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    • I was really frustrated afterwards that I couldn’t remember it. I think when reality set in, some defense mechanism set in and my brain told me not to ever remember that joke in case it killed me next time. 😉

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  5. I love these pics…but I love your memories even more! As scary as it had to be (!) it made me giggle picturing the two of you laughing. It also reminded me of somewhat similar times with bff’s. ♥ Great post! paula

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  6. Isn’t it amazing that we survive the many goofy things we do as teenagers. If I had told my mom about that day she would never have let me go to the beach again.
    Thanks for visiting my blog, Paula.

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    • To be honest, I was afraid to go swimming with Gina for a while after that, but we got over it. I don’t think there are two people who have had so many laughs together over the years. In our teens, our tittering used to drive my mother crazy. More than once she called to us upstairs in my room for us to stop that constant giggling. Everything in our lives was just so funny in those days. When we get together now, we still laugh about so many things. Life is good.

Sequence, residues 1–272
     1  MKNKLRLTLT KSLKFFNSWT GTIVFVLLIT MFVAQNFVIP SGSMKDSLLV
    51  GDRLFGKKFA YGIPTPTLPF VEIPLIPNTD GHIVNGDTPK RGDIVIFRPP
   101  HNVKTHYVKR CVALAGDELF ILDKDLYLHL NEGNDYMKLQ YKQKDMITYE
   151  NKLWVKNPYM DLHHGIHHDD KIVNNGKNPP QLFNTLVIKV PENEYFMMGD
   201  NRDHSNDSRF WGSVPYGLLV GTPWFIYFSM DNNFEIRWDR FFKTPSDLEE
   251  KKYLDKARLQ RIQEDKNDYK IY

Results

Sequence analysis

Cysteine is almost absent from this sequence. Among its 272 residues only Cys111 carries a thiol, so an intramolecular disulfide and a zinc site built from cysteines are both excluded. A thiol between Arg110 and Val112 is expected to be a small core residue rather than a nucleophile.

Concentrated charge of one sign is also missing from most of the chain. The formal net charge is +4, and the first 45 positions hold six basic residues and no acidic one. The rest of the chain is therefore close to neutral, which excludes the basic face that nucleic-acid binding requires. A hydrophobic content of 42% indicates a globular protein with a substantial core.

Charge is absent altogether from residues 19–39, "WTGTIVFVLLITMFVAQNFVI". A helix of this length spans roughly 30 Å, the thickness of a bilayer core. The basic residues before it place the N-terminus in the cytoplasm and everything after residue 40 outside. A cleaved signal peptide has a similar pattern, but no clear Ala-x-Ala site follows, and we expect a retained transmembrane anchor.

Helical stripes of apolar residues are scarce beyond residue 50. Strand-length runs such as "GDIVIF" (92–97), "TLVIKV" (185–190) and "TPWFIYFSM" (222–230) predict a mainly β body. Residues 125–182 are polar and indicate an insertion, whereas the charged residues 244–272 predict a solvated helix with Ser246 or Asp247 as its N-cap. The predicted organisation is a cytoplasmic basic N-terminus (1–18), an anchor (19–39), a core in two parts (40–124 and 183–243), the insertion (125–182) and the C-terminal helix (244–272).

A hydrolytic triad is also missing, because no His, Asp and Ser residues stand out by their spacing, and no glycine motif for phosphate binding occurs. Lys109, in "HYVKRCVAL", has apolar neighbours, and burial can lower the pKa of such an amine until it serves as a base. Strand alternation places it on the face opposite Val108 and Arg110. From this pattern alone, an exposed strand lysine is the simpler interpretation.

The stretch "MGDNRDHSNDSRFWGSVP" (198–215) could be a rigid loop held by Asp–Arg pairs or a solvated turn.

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  7. What a wonderfully, scary episode. Reminds me of the last time I was in Maui snorkeling and the wind came up. Didn’t think I’d make it back to shore. But then a kind gentleman saw my dilemma, swam with me and encouraged me all the way. It was a bit embarrassing but appreciated none the less.
    Thanks for your story and pictures.

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    • I had a similar experience in Kauai where the tide kept wanting to take me out (at Hanama Bay) and I got really tired. Obviously I made it, but nice of that fellow to help talk you in. The scrapes we get ourselves into!!!

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  8. Wonderful story! To have such a friend in your teenage years is very special, but to keep one forever and still laugh about such memories? Not many are so fortunate 🙂 I wonder, what would have happened if you hadn’t heard about the third time?